National Geographic Lists Vietnamese Cakes in Top 10 Celebration Foods

National Geographic, an acclaimed American travel magazine, has recently published the list of 10 traditional celebration foods in the world and included Banh Chung and Banh Day (Giay) in it. With a global circulation of 8.3 million in thirty-six languages, Vietnam is honored to have their popular traditional cakes to have entered the list.
The list features 10 of the world’s celebration food which honors traditional foods in festivals of countries across the globe. Tet (Vietnamese Lunar New Year) is the country’s most important celebration of the year which is taken seriously by locals. It is an banh-chung-banh-dayoccasion for Vietnamese families to reunite, reconcile and invite good fortune for the coming year. Several practices are observed during the festival, all with significant meanings. The Chung cake (or Banh Chung, which are square packets symbolizing Earth) and Giay Cake (or Banh Day, which are round packets representing sky) are essential elements of the family altar during the celebration.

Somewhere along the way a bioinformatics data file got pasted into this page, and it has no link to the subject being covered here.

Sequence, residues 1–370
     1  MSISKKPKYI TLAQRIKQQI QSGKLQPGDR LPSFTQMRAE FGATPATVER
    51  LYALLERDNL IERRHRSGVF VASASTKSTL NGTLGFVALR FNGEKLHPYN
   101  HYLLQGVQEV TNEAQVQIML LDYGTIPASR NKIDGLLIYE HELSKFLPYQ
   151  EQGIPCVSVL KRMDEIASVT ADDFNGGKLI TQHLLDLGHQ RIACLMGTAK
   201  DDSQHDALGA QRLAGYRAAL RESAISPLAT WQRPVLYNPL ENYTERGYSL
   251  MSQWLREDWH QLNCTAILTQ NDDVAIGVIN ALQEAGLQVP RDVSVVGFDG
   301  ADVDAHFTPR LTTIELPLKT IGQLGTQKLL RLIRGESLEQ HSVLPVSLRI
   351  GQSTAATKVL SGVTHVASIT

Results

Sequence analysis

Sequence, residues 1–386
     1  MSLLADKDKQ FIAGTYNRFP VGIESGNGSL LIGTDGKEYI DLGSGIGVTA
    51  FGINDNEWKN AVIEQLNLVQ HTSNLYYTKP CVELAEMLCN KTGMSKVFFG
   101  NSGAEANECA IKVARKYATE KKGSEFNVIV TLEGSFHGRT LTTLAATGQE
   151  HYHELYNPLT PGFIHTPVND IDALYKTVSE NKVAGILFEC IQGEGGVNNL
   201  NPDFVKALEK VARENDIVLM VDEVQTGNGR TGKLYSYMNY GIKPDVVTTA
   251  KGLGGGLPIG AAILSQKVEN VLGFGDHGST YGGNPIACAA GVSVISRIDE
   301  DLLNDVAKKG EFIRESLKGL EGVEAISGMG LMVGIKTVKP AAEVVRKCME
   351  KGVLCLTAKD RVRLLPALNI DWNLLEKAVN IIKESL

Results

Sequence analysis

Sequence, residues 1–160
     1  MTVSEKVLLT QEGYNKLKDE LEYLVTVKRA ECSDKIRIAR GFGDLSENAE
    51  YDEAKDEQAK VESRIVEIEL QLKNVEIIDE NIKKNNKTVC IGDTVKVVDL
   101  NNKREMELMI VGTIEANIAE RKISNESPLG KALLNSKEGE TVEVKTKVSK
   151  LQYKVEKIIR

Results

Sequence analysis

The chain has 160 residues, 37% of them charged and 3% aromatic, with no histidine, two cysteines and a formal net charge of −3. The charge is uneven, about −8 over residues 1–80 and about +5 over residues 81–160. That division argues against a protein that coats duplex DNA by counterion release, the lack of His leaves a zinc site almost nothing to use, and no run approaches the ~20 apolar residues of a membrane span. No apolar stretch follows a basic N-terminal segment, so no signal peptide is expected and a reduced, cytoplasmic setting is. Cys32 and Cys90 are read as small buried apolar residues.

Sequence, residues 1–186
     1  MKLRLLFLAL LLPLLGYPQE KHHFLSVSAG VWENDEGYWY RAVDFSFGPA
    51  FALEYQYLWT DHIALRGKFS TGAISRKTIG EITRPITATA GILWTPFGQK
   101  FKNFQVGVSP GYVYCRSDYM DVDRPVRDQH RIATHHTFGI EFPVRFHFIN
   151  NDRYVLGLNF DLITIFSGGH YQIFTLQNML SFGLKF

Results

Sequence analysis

Both cakes are eaten all year round as a delicacy of Vietnamese cuisine and are among the country’s national dishes.
Other foods that made it to the same list are the Bread of the Dead (in Mexico’s Day of the Dead), Hákarl (in Iceland’s Thorrablót), Moon Cakes (in China’s Mid-Autumn Festival), Hamantaschen (in Jewish Purim), King Cake (in Mardi Gras), Besan Burfi (of India’s Diwali), Kahk (of Egyptian Eid al-Fitr), Haggis (of Scotland’s Burns Night), and Pastelitos del 25 de Mayo (of Argentina’s May Revolution).

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